First is that just implementing the atomic clocks in the satellites is not enough, they surely had to wait for an atomic clock precise enough to get as synched up as they were. As recently as November 2018, a new and even more precise atomic clock was introduced. This new clock measured the oscillations of the element ytterbium. Once an atomic clock’s time keeping abilities are able to measure faster oscillations at a more consistent basis, older elements that were being measured can be replaced with faster moving ones, therefore making “the second” that is being counted a more finely tuned one that can be trusted and created better harmony between multiple devices all using the same atomic clocks.
This type of harmony between multiple devices in order to use their connectivity to make a more powerful “unit” or “network” is nothing new in the field of the atomic clock. The very same technique is used in satellites orbiting, and on, Earth in order to make for better cell phone service. The technology is also in use in all senses of GPS navigation. Boats crossing, planes landing, cars navigating, all of these actions are made better and smoother by the use of atomic clock powered networks of devices, allowing services and updates to be accurate and in real time. This use of GPS networks and cellular networks were easier for me to grasp than the network of photos, however. That is until I realized that these scientists used the size of the Earth in relation to the size of the black hole to their advantage.
The black hole in the photo is 6.5 billion times larger than our sun. A black hole of that size certainly makes it easier to get a photo, but a high powered satellite or system of image captures was still required. Being that the earth is so small in comparison, it would be very easy to use this network to make it as if the entire planet were its own camera. It’s a cop-out example, but think about how the Death Star works in Star Wars, or how a stadium light is made up of a collection of lights. This is just a theoretical representation of how the cameras worked since theirs was more likely a consistent collection of data depending on the rotational position of the earth, but in theory it is quite like how the death star would make one large streaming laser out of several that would convene at a singular point. This is just exercising the simple physical law that multiple energies convening will make for a greater energy.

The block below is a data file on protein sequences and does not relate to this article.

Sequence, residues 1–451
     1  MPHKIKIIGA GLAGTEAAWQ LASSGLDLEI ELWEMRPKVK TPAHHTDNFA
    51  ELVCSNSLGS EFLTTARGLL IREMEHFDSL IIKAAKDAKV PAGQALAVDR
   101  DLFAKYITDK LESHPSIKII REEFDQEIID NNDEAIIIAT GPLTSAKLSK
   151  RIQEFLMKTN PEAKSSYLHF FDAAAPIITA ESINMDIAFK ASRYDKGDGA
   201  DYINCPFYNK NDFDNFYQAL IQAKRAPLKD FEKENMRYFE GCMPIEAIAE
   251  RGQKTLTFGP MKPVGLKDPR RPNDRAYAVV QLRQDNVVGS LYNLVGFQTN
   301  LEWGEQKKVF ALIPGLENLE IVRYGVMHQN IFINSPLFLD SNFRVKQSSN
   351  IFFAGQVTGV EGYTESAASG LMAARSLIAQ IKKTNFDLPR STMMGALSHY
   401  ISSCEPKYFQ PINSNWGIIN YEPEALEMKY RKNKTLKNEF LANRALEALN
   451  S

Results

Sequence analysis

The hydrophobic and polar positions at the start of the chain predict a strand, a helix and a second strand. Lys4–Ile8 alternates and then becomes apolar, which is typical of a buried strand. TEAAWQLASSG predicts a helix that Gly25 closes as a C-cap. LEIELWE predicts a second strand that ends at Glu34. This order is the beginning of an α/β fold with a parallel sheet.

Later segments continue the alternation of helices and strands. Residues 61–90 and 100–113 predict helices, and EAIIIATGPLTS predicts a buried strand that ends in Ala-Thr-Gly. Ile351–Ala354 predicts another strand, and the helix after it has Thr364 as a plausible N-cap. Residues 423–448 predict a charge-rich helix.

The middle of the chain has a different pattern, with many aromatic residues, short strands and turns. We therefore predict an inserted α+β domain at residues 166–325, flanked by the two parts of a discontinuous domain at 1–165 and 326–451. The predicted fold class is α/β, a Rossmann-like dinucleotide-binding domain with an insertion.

Of course the satellites coming together is much more complicated. It was as if two or more satellites collecting data would tap out another. All this is to say that this became a highly coordinated event. A photo capturing series that relied on exposure that would take place over months. When working in harmony like this, the most important facet has to be the timing. You could have the best scientists in the world with the most powerful equipment, but when comes down to it, if these systems are not in time with one another, then there is no result. The Atomic Clock proves itself again, and thanks to this ever-evolving system of time keeping, science makes another breakthrough achievement.